Easter is all about good cheer and good times and food is an important part of the celebrations.
Easter is a festival of the year which is deeply connected with its traditions related to food. Although a lot of the traditions can be traced back to Pagan rituals where they celebrate the arrival of Spring and the equinox which occurs around the same time. Celebrating Easter is mostly associated with the Christian faith. This means that the majority of these traditions have religious meanings, but some have been developed over the years as a symbol of the celebration of Easter and have acquired roots of their own.
Easter, the spring festival that celebrates the resurrection of Jesus Christ post lent- the period of fasting has a special bond with food. The soft hot cross buns that are baked with eggs, all-purpose flour, butter, sugar, milk and a hint of spices including cloves, nutmeg and cinnamon are a must on Easter day as they symbolize the new beginnings. “Also, part of the Easter celebrations menu is the Simnel cake, a light fruit-based cake that is made of ingredients including wheat flour, eggs, milk, orange or lemon zest, marzipan and spices. Lamb is a must-have dish on the Easter menu with whole roasted lamb being a top favourite. Other dishes include the roasted legs of the lamb, lamb chops and the like,” says Chef Ishijyot Surri, Executive Chef, Miniya Turk. As far as food is concerned people are not restricting themselves to the traditional dishes only but are also open to experimenting and including newer dishes. In addition to lamb and other meats, Easter meals include turkey, seafood, chicken stew and soft fugias. “No Easter meal is complete without wine. Also, while the old Easter eggs would be made of the only marzipan, today there is an array of Easter eggs right from chocolate to other flavours. In a bid to make it creative and relevant to today’s kids, Easter eggs are also available in the form of their favourite desserts like doughnuts and waffles,” adds Surri. Today theme-based celebrations are a big hit and Easter is no different. Themes like unicorn Easter eggs, chocolate pops, etc. are in huge demand.
During Easter, people generally look forward to a wide variety of food, especially when it comes to desserts. Some of the traditional desserts include Easter Bunny Cupcakes, Carrot Cake and Chocolate Eggs among many other delectable eateries to satiate their sweet tooth. Neeraj Tyagi, Director of Culinary, Pullman & Novotel New Delhi Aerocity avers, “Easter is considered a new crafting festival after Christmas. It is a festival of experimenting with soft and pastel shades, spring blooms and warm characters. Easter table décor and decorated eggs are some of the new trends that are gaining popularity across the world. One can embrace the uplifting shades of spring by choosing tableware and linen in pastel hues, vases overflowing with seasonal blooms and planters filled with colourful bulbs.” The relation between food and Easter started in early 5000 B.C. and continues to date with new age interpretations that make this an occasion to celebrate with friends and family.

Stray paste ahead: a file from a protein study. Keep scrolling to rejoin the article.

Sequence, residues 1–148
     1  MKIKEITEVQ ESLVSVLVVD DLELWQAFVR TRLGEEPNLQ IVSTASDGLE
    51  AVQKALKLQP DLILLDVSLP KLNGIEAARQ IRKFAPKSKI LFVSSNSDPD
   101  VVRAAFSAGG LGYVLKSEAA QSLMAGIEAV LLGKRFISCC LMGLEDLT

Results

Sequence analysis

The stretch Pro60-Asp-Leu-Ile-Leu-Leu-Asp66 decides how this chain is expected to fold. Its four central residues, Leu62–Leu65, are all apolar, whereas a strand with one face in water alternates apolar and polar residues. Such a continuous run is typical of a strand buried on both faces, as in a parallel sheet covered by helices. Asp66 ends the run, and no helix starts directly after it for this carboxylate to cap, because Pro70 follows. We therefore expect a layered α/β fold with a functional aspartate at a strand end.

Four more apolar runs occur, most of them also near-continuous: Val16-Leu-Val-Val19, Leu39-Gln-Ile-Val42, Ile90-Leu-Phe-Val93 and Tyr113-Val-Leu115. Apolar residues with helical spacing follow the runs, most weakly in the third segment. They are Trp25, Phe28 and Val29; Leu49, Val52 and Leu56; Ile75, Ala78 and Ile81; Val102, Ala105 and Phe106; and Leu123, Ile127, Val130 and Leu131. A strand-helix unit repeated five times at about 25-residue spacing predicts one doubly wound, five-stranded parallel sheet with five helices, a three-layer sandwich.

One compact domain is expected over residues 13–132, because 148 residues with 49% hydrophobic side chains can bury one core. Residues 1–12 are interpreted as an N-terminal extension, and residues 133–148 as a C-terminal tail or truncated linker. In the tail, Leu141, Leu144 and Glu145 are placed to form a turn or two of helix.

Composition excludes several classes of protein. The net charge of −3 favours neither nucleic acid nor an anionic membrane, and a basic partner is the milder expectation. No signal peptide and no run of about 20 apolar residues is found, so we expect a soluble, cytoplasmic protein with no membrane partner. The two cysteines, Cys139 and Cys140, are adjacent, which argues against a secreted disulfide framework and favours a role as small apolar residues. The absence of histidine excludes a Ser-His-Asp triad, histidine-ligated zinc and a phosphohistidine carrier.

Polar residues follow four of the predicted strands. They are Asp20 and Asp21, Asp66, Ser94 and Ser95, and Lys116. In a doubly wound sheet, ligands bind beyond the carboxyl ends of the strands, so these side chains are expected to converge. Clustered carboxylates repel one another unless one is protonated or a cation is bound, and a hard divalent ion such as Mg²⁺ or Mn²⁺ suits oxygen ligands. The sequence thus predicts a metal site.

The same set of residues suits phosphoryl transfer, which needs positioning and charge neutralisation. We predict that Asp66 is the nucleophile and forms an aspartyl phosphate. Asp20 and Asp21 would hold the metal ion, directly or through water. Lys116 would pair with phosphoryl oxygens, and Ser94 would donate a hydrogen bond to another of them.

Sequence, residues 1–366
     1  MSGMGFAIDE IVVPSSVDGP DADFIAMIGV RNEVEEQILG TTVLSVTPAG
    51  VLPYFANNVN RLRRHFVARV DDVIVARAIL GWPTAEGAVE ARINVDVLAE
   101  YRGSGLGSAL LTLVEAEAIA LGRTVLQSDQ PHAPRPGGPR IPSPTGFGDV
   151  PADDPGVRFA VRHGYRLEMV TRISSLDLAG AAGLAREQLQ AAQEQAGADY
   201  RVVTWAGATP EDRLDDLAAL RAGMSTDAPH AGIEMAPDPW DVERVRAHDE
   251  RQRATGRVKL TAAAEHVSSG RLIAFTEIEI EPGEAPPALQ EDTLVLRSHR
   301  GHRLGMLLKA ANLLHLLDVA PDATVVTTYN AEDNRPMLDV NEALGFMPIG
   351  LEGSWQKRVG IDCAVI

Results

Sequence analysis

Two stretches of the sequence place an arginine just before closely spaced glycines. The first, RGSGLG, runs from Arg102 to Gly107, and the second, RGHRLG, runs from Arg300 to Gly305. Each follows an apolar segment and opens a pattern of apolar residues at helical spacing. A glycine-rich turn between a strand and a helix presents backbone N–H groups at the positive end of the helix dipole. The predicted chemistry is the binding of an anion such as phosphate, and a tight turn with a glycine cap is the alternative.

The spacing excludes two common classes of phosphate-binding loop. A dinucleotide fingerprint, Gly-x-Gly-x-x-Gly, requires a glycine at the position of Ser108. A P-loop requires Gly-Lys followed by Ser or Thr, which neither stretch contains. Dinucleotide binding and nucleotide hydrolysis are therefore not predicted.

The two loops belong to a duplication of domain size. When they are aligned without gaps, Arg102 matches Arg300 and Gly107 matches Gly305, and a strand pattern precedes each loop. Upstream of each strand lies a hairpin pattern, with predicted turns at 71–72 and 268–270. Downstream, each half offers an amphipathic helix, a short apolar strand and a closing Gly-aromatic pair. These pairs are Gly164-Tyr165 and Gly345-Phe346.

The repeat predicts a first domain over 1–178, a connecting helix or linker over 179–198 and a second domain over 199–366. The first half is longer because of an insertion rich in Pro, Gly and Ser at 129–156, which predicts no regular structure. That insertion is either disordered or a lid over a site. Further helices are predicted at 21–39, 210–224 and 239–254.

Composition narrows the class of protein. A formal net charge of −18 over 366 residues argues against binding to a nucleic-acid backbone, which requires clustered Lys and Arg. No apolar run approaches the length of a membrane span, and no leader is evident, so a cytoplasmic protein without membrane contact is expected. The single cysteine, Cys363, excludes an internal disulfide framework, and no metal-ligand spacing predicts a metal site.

Italian Meat Pie (Chef Ishijyot Surri, Executive Chef, courtesy Miniya Turk)
- 567 grams Flour
- 10 grams Salt
- 10 grams yeast
- 30 grams sugar
- 45 grams Dough improver
- 118 ml olive oil
- 350 ml cups warm water
- 15ml olive oil
- 15 grams unsalted butter
- 680 grams chicken Mince
- Salt – to taste
- Black pepper – to taste
- 300 grams onion, finely chopped
- 2 celery stalks, finely chopped
- 170 grams carrot, finely chopped
- 5 garlic cloves, grated or finely chopped
- 236 ml white wine
- 448 grams tomato purée
- 236 ml milk
- Chicken stock – as required
- 150 grams Mozzarella cheese
To make the dough, mix and knead together all of the dough ingredients – in a mixer, until the dough is soft and smooth. Place the dough in a lightly greased bowl, cover, and allow it to rise for 1 to 2 hours, until it’s not quite doubled in bulk.
To make the filling, till the time the dough is rising. Heat the oil in pan and add the butter to it. Sauté the onions until translucent. Add the chopped carrots, celery, and garlic. Add the white wine and heat it until the alcohol is evaporated. Add the chicken mince and cook it. Add the tomato puree along with the seasoning and let it cook until it is semi dry in texture. If the mince is too dry, add chicken stock. (This is only if the mince happens to cook until its dry.)
Preheat the oven to 325°F. Have ready two 9″ pie pans. Gently deflate the dough and divide it into four pieces. Place one of the larger pieces of dough on a lightly greased silicone rolling mat, or lightly greased work surface. Roll it into a circle that is about 16″ in diameter. Put the rolled dough sheet on the pie pan. Ensure it is tightly tucked to the pan. Bake it for 25 minutes, until they are a light golden brown. After the pie moulds are cooled down, add the filling to it. Top it with grated mozzarella cheese and gratinate it until the cheese is melted. Cut it into pieces and serve it hot.